had ever learned to tremble at the sight of muddy garments. She hid her
fishing tackle in a stump, and made her way along the bank.

A little farther up she came across black Billy--a very cheerful
aboriginal, seeing that he had managed to induce no less than nine
blackfish to leave their watery bed.

"Oh, I say!" said Norah, round-eyed and envious. "How do you manage it,
Billy? We can't catch one."

Billy grinned. He was a youth of few words.

"Plenty bob-um float," he explained lucidly. "Easy 'nuff. You try."

"No, thanks," said Norah, though she hesitated for a moment. "I'm sick
of trying--and I've no luck. Going to cook 'em for dinner, Billy?"

"Plenty!" assented Billy vigorously. It was his favourite word, and
meant almost anything, and he rarely used another when he could make it
suffice.

"That's a good boy," said Norah, approvingly, and black eighteen grinned
from ear to ear with pleasure at the praise of twelve-year-old white.
"I'm going for a walk, Billy. Tell Master Jim to coo-ee when lunch is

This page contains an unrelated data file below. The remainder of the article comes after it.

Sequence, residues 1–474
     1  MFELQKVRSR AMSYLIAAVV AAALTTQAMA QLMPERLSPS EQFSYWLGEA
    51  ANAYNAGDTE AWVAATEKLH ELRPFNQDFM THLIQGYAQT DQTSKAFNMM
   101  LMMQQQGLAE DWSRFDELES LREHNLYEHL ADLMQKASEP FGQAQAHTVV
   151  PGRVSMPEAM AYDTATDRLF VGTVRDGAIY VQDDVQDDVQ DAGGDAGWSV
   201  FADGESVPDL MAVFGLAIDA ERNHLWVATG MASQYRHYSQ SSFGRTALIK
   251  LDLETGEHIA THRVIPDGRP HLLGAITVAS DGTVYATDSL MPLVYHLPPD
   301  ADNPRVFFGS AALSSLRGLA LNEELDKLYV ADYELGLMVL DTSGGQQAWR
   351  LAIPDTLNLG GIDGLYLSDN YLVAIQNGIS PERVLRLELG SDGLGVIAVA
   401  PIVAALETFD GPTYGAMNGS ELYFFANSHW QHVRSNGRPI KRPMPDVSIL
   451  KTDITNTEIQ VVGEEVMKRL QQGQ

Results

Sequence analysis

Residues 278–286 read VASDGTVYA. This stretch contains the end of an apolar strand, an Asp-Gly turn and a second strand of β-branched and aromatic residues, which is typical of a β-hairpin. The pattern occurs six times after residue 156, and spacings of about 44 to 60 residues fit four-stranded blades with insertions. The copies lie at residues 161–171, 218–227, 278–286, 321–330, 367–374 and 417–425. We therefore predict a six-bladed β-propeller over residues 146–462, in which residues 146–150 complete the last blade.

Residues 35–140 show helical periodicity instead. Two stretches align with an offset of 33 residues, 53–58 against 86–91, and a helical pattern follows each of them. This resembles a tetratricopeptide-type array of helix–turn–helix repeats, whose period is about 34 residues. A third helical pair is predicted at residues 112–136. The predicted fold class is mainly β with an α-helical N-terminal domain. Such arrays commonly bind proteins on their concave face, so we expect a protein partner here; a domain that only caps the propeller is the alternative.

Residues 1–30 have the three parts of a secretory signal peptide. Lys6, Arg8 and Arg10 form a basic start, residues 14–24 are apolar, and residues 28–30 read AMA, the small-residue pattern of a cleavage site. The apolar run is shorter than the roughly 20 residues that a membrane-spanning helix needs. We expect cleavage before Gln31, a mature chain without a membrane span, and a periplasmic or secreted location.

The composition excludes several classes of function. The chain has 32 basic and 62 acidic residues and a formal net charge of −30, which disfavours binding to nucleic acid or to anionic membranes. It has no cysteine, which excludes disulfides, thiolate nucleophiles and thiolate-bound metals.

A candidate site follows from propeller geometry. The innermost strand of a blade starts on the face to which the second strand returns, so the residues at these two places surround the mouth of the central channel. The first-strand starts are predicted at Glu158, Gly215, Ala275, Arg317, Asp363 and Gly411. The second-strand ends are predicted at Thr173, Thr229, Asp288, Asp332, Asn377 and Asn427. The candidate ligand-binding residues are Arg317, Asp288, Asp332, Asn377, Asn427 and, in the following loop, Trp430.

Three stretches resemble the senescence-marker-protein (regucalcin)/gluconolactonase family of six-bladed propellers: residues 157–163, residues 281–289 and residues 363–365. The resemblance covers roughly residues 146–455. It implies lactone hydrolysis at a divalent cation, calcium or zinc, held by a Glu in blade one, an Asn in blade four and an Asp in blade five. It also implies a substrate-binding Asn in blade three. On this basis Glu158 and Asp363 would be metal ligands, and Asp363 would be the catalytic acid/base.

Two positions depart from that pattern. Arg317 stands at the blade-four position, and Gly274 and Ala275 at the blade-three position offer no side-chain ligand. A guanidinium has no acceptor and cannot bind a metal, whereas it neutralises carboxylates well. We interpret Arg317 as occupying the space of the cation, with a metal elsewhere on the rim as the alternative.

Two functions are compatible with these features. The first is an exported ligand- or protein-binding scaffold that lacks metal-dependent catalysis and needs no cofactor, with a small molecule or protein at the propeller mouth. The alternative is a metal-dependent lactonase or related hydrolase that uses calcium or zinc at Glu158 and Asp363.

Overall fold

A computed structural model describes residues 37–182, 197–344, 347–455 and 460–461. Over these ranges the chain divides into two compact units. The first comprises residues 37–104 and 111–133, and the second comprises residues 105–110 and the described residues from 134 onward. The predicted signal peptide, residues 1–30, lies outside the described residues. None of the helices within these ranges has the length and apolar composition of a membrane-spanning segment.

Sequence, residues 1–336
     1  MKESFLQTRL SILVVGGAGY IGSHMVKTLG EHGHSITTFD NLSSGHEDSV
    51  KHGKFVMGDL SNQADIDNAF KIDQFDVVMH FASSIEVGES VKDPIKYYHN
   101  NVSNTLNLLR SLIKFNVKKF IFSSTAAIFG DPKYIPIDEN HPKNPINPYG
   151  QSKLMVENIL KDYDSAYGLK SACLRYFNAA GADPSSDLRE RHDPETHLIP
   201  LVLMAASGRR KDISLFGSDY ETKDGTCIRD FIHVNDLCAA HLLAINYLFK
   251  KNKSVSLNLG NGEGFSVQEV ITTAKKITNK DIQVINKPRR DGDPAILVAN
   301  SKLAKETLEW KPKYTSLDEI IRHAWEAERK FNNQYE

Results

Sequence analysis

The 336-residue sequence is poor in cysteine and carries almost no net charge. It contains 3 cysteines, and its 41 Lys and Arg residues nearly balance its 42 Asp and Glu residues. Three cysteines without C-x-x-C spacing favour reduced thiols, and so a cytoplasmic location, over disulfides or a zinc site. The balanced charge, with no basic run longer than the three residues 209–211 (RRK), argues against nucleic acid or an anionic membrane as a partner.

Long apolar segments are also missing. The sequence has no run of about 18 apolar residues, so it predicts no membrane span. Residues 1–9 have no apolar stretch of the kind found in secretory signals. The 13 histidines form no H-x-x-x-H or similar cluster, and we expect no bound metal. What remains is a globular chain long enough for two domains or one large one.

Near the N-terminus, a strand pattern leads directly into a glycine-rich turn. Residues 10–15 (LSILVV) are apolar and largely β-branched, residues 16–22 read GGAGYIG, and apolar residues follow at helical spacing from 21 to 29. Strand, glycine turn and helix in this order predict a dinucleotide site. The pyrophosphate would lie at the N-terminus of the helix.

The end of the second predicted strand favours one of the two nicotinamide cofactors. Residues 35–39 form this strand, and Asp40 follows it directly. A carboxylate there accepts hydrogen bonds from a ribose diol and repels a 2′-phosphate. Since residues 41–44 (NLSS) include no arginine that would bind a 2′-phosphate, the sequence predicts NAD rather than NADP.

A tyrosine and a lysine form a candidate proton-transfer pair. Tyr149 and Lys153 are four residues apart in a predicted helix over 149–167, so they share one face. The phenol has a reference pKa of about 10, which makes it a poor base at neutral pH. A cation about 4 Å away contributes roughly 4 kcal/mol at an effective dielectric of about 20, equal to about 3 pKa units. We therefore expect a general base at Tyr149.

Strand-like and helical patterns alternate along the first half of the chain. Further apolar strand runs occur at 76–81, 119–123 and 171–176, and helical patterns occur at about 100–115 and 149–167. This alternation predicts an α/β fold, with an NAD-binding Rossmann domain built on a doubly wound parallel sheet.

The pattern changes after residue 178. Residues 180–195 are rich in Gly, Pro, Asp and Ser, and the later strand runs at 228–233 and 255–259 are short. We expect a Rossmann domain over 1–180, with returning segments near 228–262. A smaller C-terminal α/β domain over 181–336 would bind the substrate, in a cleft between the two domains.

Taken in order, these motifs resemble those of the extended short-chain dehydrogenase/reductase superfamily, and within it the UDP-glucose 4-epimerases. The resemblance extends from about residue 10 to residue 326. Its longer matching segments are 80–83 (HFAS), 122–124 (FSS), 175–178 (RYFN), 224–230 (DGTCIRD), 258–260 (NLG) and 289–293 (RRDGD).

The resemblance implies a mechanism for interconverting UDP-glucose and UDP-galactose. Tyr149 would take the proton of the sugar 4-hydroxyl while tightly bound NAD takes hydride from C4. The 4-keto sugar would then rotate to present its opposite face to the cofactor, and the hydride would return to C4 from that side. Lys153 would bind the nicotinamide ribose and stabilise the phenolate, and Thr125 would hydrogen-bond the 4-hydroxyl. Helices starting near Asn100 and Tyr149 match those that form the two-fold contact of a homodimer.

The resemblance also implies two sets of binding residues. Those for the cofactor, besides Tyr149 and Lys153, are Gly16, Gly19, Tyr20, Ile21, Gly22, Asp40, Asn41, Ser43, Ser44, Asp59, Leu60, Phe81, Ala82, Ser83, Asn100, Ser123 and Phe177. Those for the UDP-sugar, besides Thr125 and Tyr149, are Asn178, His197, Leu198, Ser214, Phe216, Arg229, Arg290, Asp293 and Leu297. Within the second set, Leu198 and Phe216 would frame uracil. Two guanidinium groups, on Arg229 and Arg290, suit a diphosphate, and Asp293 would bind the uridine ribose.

ready."

"Plenty," said Billy intelligently.

Norah turned from the creek and entered the scrub. She loved the bush,
and was never happier than when exploring its recesses. A born bushmaid,
she had never any difficulty about finding her way in the scrub, or of
retracing her steps. The faculty of bushmanship must be born in you; if
you have it not naturally, training very rarely gives it.

She rambled on aimlessly, noting, though scarcely conscious that she did
so, the bush sights and scenes on either hand--clinging creepers and
twining plants, dainty ferns, nestling in hollow trees, clusters of
maidenhair under logs; pheasants that hopped noiselessly in the shade,
and a wallaby track in some moist, soft earth. Once she saw a carpet
snake lying coiled in a tussock and, springing for a stick, she ran at
it, but the snake was too quick for her and she was only in time to hit
at its tail as it whisked down a hole. Norah wandered on, feeling
disgusted with herself.

Suddenly she stopped in amazement.

She was on the edge of a small clear space, at the farther side of which
was a huge blue-gum tree. Tall trees ringed it round, and the whole
space was in deep shade. Norah stood rooted to the ground in surprise.

For at the foot of the big blue-gum was a strange sight, in that lonely
place. It was nothing more or less than a small tent.

The flap of the tent was down, and there were no inhabitants to be seen;
but all about were signs of occupation. A well-blackened billy hung from
the ridge-pole. Close to the tent was a heap of dry sticks, and a little
farther away the ashes of a fire still smouldered, and over them a